How were they going about that?
Healy: So they're going about it in a number of ways. One is exploiting that nonprofit rule I was telling you about. It makes it easier to hide who's in control of the company and where the money's going. Another is they're buying or setting up relationships with other companies, a series of companies, and using management contracts and loans that they have with those business people.
These management contracts we found have some really tough traits. For instance, they'll loan about a million dollars to an entrepreneur, at an interest rate as high as 18 percent. They'll require them to buy all their product from them. And they have veto power if the entrepreneur wants to sell their company. So while these big companies are saying that they don't control these entities, they're exercising an extraordinary amount of influence over them.
So it's kind of like they seem to be going against the spirit of the law, if not necessarily the letter of it?
Healy: And it may be both. Absolutely it appears to be against the spirit of the law, and we think there's a good chance it's actually breaking the law as well. And the Globe, we actually reported a follow-up, and the Cannabis Control Commission, which is our state regulator for marijuana, now claims to be investigating.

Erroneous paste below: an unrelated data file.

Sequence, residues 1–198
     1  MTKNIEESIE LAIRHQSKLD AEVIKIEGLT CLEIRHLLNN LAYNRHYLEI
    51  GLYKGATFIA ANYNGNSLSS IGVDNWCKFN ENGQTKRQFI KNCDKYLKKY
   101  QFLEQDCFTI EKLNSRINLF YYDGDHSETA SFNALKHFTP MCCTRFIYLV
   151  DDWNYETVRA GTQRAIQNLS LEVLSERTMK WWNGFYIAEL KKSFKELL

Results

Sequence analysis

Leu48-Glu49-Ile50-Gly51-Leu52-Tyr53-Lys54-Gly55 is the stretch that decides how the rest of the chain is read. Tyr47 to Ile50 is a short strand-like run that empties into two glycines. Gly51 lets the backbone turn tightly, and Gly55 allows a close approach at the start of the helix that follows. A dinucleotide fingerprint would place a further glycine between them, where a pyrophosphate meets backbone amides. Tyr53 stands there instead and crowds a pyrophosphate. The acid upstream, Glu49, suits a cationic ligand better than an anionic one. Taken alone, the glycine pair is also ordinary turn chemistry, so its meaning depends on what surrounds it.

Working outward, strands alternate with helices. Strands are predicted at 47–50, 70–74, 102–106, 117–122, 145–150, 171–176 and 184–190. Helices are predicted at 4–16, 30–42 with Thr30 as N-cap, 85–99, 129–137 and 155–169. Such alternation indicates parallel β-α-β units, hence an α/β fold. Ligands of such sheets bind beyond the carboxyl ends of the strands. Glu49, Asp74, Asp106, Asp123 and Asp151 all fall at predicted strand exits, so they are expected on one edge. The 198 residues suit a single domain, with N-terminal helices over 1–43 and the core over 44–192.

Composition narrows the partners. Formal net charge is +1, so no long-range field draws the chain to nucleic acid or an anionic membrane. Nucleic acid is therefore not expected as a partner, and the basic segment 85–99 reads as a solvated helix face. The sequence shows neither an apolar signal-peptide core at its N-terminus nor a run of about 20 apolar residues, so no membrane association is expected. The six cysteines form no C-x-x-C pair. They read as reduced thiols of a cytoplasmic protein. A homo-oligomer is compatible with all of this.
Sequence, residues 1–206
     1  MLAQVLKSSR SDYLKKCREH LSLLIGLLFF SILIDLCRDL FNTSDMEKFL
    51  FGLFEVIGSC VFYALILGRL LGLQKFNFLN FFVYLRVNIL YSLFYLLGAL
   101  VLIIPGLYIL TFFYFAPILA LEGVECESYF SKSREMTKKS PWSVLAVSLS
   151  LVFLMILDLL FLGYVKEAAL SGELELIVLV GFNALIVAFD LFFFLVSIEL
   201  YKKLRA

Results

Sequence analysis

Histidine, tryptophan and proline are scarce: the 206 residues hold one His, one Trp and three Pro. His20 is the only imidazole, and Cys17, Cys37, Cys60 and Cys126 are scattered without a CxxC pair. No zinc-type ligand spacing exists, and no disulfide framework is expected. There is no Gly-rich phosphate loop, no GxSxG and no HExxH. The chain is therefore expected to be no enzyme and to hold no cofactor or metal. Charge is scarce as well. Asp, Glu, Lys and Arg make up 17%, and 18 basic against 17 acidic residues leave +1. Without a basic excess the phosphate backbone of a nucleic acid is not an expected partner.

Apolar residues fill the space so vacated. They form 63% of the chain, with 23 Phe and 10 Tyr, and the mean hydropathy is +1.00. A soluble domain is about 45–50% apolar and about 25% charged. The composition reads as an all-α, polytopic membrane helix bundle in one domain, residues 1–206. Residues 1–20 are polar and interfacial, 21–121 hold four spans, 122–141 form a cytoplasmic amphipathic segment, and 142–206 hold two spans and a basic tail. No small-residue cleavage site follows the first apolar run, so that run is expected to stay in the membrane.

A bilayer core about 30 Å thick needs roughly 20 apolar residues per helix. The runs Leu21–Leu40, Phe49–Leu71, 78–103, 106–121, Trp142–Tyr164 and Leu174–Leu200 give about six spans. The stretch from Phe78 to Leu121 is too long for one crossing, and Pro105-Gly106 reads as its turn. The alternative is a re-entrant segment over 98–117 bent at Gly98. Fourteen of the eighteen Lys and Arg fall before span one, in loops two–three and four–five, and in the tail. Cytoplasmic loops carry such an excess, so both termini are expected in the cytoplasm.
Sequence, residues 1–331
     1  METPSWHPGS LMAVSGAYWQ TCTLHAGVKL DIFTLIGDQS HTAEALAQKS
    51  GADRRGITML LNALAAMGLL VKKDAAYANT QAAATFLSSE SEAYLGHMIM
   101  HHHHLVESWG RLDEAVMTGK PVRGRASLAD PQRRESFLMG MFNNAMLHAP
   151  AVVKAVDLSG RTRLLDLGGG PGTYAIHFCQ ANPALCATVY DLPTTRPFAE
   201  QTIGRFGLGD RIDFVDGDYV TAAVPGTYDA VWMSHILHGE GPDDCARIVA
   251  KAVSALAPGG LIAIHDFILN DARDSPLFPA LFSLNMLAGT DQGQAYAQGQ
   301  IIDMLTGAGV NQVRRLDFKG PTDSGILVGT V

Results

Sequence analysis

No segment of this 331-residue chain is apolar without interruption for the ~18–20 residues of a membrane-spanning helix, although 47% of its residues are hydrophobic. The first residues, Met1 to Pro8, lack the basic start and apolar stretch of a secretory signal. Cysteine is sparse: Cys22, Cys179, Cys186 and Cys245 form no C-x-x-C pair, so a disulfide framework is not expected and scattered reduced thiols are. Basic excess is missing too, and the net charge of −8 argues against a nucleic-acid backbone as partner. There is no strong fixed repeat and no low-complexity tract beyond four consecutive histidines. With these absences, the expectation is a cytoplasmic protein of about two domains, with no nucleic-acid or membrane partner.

I'm guessing the motivation for these companies is just money — they want to get as large as possible to control as much of that market as possible. Is that fair to say?
Healy: That would certainly seem to be what they tell investors. Now of course in this world people also have a lot of stories to tell about, you know, the healing qualities of marijuana and various things that can help people with chronic illness. But in addition, when you read the investor pitches that they're showing folks when they're raising millions and millions of dollars, they talk about, you know, controlling large numbers of licenses.
So they're being pretty brazen about this. They might be breaking the law, but they are putting that information out there for people to see.